Whether you’re just getting into skincare or want to update your current routine, figuring out which products you should use can be tricky. Even trickier is learning how to read a skincare label and interpret what each ingredient listed can do for your skin – especially when it comes to those long, complicated names that you can barely pronounce, let alone understand.

But we’re here to help. Read as we explain everything you need to know about skincare labels and how to decipher them, so you can spend your money wisely on your way towards glowing skin.

Ingredient order

“It is important to consider the order in which ingredients are listed to discern whether an active ingredient is in an amount to exert benefit or purely label claim,” says Dr Prasanthi, a GP at Software.

“Ingredients are listed in descending order from greatest amount to least amount up to 1%. From here, ingredients with less than a concentration of 1% can be listed in any order,” she explains.

“This could include emulsifiers or texture enhancers that give the product its feel and preservatives to prevent the product from going off. But if you see a really good ingredient at the bottom, you then know it is in less than 1% concentration and unlikely to exert the benefits you want.”

Ingredient scientific names

“Ingredients are usually listed by their international nomenclature of cosmetic ingredients (INCI, for short) and this is often followed by their common name in brackets,” Dr Prasanthi explains.

“For example, if you bought a Vitamin C serum, you may see the term L-Ascorbic Acid, Tetrahexyldecyl Ascorbate or Ascorbyl Palmitate, which is the INCI name, followed sometimes by ‘Vitamin C’ in brackets.”

This can be quite confusing, especially if you don’t know the scientific names of the ingredients you’re looking for.

Of course, there are thousands of ingredients that can be used in skincare, so we can’t list them all in one single article. But to make your life a little easier, here are some popular ingredients that often go by their scientific name:

  • Ascorbic acid. A form of vitamin C, which can repair photoaged skin and increase collagen production.
  • Alcohol. A bit of a controversial skincare ingredient – some people avoid it altogether, others don’t mind so much. Fatty alcohols like cetyl and stearyl alcohol help moisturise the skin, while denatured and isopropyl alcohol can have the opposite effect.
  • Benzoyl peroxide. A powerful ingredient that kills bacteria and helps to treat (and prevent) acne, whiteheads and blackheads, though it can be drying on the skin.
  • Beta hydroxy acid. More commonly known as salicylic acid, this is a gentle ingredient often used to treat acne along with benzoyl peroxide.
  • Parabens. Another controversial ingredient, with some studies showing that parabens have endocrine disruption effects in animals (although effects on humans haven’t been studied conclusively). They’re approved for use in Australia, but if you’d like to avoid them, look out for any ingredient ending in -paraben.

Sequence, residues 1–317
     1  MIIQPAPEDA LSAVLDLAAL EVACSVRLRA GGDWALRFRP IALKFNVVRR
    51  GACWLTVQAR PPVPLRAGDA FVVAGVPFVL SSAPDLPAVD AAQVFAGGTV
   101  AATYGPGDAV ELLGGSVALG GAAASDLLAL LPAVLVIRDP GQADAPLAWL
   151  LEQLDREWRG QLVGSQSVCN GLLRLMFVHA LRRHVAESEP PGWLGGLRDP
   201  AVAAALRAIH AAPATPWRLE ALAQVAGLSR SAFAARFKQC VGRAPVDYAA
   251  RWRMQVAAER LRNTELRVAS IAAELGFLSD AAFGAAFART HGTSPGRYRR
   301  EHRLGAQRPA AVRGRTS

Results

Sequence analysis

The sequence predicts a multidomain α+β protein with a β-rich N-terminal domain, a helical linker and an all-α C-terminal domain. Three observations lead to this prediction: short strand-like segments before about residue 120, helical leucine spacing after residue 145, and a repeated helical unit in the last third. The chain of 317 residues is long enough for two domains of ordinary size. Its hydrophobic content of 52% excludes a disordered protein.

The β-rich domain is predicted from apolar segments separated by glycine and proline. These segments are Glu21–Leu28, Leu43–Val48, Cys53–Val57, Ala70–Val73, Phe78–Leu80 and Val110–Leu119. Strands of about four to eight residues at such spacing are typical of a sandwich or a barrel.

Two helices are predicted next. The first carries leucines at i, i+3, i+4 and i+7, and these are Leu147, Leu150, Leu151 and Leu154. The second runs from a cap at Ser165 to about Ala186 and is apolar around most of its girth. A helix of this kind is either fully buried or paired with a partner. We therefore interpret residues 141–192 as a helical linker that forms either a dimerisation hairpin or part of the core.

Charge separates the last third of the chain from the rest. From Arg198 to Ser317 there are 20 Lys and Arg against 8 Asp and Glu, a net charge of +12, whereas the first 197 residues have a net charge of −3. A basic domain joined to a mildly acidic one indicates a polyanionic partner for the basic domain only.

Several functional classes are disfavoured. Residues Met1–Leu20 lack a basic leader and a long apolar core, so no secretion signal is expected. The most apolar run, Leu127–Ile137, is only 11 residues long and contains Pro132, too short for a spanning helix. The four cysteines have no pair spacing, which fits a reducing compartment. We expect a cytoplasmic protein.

• Retinol. A strong (and quite popular) ingredient that can reduce acne, fine lines and wrinkles. It can also be referred to as retinaldehyde in ingredient lists.
  • SLS. Commonly used in soaps, shampoos, and cleansers that strip oil from the skin, SLS is another ingredient that gets mixed reviews. Some enjoy its cleansing properties, while others find it irritating (particularly those with sensitive skin).
  • Tocopherol. A form of Vitamin E, which can have antioxidant effects and help the skin retain moisture.
  • Zinc oxide. A UV filter frequently used in sunscreen, which helps protect from UVA and UVB rays, control excess oil, heal wounds, and treat acne.

Open jar symbol and expiration date

All skincare has both a period after opening and an expiration date. You want to be aware of both to make sure every product you use is working for, and not against your skin.

6 month period after opening“The open jar symbol is important to look at to understand how long a product is safe to use from a stability standpoint before you should throw it out. Some will say 3M for 3 months, others 6M-12M.”

In other words, a serum that has a ‘3M’ symbol on its label will be good to use for 3 months after it’s been opened, a moisturiser that says ‘6M’ will be good for 6 months, and so on.

“This is different from the expiration date, which is how long an unopened jar or packaging can last on shelves and will be printed next to a batch number on the label,” Dr Prasanthi adds.

Certification symbols

“Lastly, if you are looking for cruelty-free or vegan products, or other excipients – like parabens or sulphates – you will sometimes see these listed on the label also.”

Interpreting a skincare label may seem overwhelming at first, but if you want to achieve the best possible results from your routine, learning the basics can go a long way. Keep Dr Prasanthi’s tips in mind next time you go skincare shopping and find the best-suited products for your specific skin type, needs, and concerns.